Nothing as contentious as last week’s vote to put a pension reform ballot measure to voters is featured on this week’s San Jose City Council agenda, but there are a few items of note in the final meeting of the year.
Team San Jose received a hefty amount of criticism under the direction of former CEO Dan Fenton, but several members of the council are now giving their seal of approval to current CEO Bill Sherry and Chairman Chuck Toeniskoetter.
A memo signed by Mayor Chuck Reed and councilmembers Sam Liccardo and Pete Constant suggests staff “discontinue work on a Request for Proposal for management of the Convention Center and Cultural Facilities.”
“The results are already impressive,” the memo states of the current management. “The Fund 536 balance increased by more than $2 million, which staff indicates is a $3.8 million net improvement of the FY 2010-11 Adopted Budget. Trade shows and conferences like BIOMEDevice and Embedded Systems Silicon Valley as well as summits and meetings of companies like LinkedIn, Adobe, Seagate, Xilinx, PwC, Intel, eBay and Mozilla have resulted in more than 70,000 attendees coming downtown this year.”
The city also intends to start the transition process of ending lease payments for incubator programs, which were funded through the Redevelopment Agency. Incubators received scrutiny over the summer, when Liccardo called for an audit of the city’s incubator programs after a critical report surfaced.
“The Transition Plan focuses on strategies that allow the three incubators and Entrepreneur Center programs to continue to exist without Agency support beginning July 1, 2012,” a memo states. “The transition strategy for the BioCenter recommends assisting the San Jose State University Research Foundation (SJSURF) to negotiate a new master lease with the property owner before the Agency lease terminates on August 30, 2012.”
Also, a comprehensive report will be delivered on the city’s finances and debt for 2011. No action is expected. Additionally, several water-related agreements are likely to be extended or altered, including the “cost sharing of water conservation and wastewater flow reduction programs” between the city and the Santa Clara Valley Water District through June 30, 2013.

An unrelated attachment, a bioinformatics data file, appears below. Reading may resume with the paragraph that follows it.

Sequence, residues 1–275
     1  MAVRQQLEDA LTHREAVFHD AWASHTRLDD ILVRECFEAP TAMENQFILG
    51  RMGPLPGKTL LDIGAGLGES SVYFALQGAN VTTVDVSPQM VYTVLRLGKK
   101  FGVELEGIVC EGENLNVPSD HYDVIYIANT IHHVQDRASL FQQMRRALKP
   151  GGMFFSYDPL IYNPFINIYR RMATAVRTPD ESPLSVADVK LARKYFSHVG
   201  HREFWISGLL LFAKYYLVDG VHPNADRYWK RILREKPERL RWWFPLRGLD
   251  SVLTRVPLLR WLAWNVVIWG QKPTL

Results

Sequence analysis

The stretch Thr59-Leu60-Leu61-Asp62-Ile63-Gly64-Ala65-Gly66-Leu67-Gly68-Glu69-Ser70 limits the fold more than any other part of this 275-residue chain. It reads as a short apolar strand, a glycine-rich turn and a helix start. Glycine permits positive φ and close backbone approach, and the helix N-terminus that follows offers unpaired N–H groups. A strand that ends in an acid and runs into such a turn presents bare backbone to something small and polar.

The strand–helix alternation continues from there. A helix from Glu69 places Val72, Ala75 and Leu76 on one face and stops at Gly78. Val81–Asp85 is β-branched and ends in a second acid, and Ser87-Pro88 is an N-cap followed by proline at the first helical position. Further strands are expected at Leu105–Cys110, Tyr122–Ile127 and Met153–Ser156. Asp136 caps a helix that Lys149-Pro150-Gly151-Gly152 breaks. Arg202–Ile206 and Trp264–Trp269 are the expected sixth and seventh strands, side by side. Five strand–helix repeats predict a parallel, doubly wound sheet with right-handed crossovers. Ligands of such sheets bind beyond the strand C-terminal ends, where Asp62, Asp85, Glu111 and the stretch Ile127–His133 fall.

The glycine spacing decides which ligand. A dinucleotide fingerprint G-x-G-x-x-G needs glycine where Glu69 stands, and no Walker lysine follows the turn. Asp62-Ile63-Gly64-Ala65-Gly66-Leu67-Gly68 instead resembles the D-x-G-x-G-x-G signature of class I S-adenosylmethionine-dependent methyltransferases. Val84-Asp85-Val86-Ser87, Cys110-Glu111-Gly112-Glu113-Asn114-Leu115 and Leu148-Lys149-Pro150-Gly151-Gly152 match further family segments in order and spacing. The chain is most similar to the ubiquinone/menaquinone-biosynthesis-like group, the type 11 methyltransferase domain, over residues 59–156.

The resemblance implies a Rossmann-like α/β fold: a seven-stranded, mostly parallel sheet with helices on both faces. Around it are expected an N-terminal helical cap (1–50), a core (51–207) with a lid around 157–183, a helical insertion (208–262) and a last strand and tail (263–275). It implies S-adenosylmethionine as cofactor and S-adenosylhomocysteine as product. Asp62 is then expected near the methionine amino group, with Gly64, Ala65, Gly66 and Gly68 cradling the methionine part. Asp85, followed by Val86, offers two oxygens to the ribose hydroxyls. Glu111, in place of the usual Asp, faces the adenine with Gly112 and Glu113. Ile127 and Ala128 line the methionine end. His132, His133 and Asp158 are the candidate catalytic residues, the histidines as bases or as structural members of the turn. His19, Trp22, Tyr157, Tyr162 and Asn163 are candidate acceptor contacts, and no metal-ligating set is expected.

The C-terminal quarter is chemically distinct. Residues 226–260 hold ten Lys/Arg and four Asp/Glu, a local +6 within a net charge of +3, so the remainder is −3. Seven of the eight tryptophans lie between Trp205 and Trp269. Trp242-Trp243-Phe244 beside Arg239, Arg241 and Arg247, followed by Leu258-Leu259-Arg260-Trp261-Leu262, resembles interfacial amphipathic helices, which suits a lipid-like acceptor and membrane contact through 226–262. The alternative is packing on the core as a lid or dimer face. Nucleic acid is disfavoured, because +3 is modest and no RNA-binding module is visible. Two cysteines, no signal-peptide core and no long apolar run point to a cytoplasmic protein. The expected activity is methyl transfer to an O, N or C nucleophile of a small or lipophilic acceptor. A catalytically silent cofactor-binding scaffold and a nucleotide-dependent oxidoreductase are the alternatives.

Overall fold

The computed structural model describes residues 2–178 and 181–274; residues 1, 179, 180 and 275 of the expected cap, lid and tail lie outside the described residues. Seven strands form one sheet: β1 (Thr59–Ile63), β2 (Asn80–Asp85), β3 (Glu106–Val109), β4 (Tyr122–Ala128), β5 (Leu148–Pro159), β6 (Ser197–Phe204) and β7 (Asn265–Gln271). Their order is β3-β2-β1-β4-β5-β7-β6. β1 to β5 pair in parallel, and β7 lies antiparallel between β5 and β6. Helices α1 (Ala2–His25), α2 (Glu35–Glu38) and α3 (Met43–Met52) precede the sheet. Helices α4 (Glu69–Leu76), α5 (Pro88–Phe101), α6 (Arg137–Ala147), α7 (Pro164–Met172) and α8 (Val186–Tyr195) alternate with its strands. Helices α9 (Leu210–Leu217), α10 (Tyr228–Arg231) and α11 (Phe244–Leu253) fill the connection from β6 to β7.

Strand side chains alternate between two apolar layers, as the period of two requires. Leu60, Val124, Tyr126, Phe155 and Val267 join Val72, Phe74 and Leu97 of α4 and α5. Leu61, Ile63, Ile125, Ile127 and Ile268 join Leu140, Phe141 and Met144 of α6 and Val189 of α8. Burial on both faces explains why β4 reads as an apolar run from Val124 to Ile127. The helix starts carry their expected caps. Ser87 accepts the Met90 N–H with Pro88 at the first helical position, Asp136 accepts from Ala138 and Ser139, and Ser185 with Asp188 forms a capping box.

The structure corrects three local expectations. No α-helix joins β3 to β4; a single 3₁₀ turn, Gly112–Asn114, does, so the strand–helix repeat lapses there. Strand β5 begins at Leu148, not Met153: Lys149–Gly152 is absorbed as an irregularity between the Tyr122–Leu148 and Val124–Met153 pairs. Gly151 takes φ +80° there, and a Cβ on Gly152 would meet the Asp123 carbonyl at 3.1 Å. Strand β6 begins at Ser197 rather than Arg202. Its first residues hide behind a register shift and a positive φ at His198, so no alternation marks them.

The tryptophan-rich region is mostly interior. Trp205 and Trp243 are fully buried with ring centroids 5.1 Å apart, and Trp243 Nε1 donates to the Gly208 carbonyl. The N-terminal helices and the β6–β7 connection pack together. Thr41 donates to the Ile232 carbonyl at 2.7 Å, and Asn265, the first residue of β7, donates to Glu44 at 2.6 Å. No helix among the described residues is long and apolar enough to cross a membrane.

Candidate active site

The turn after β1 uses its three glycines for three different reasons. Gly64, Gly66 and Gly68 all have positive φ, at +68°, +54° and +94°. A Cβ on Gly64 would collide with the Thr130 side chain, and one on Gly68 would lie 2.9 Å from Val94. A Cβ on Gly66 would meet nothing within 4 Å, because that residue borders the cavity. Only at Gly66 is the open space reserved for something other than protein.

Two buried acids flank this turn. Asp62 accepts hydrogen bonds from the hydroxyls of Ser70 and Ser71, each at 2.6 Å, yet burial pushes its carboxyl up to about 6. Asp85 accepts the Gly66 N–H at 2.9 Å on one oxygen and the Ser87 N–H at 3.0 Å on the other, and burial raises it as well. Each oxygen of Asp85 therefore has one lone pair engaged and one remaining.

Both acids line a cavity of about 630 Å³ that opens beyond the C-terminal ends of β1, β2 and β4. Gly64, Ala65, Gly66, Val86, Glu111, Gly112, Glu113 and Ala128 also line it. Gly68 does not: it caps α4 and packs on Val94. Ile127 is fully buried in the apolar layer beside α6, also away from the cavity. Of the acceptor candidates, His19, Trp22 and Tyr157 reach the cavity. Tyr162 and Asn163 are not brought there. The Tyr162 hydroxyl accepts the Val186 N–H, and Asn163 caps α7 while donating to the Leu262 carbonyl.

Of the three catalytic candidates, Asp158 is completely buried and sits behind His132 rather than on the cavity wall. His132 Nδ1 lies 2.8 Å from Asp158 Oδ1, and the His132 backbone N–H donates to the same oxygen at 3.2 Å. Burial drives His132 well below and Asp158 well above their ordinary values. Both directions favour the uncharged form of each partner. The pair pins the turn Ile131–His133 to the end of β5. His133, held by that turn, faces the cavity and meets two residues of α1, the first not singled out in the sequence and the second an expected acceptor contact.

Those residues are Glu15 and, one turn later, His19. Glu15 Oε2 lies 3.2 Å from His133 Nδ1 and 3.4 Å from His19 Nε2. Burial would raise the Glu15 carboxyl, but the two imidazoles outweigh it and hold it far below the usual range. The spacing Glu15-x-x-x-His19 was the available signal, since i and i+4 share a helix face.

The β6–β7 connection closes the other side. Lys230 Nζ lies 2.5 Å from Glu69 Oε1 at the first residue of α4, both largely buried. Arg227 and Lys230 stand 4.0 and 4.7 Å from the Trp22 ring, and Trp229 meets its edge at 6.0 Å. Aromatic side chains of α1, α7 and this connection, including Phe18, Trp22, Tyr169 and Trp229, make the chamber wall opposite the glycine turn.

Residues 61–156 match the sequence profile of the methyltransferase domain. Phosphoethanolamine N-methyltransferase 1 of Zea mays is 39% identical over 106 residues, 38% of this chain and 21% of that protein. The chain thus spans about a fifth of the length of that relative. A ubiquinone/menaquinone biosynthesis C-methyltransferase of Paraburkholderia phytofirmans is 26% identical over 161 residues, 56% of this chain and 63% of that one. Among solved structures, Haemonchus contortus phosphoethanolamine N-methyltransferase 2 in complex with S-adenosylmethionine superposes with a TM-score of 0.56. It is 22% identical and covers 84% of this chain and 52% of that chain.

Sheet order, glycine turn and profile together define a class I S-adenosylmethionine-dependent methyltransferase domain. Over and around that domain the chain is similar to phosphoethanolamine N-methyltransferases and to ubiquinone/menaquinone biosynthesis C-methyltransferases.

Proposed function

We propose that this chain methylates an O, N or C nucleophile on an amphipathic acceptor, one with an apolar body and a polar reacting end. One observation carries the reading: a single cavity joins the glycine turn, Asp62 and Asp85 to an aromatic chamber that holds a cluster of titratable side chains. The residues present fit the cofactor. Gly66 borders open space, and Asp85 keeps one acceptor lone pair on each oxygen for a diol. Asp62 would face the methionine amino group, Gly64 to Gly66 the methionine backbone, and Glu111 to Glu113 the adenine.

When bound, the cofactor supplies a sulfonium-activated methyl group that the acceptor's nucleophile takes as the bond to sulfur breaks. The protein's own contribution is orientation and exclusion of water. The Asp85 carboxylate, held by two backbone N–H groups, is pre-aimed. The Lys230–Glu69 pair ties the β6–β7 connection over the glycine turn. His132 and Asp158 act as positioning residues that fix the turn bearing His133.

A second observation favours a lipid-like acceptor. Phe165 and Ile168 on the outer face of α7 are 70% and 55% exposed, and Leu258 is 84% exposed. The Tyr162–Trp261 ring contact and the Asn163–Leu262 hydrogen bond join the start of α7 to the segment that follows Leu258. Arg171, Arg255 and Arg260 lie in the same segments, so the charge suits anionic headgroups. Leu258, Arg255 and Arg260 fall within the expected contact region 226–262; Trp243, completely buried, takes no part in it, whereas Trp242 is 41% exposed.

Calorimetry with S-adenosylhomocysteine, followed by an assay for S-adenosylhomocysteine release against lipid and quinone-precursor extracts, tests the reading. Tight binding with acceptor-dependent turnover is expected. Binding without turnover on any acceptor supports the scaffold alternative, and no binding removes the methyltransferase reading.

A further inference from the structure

And among other decisions Tuesday is an item that could leave a lasting impression on future visitors to San Jose. The city is expected to authorize City Manager Debra Figone “to negotiate and execute an agreement with Soo-in Yang for the design, fabrication and installation of a public artwork at the McEnery Convention Center in an amount not to exceed $480,000.”
According to a city memo, “Yang is an artist and architect, and is cofounder and director of the Living Architecture Lab at Columbia University in New York City. He has completed large scale new media-based public art commissions in New York City; Seoul, Korea; Linz, Austria; and Hong Kong.”
Selected from a large pool of applicants that was whittled down to four, Yang impressed a panel of experts who used some interesting criteria to make their selection. In addition to wanting the artwork to be “thought provoking” and have a “day and night presence,” the first requirement on the list was that the artwork be “perceived as must see and magical.”
According to a website detailing Yang’s work, the artist is responsible for creating Living Light, which “is a permanent outdoor pavilion in the heart of Seoul with a dynamic skin that glows and blinks in response to both data about air quality and public interest in the environment. Citizens can enter the pavilion or view it from nearby streets and buildings, and they can text message the building and it will text them back.”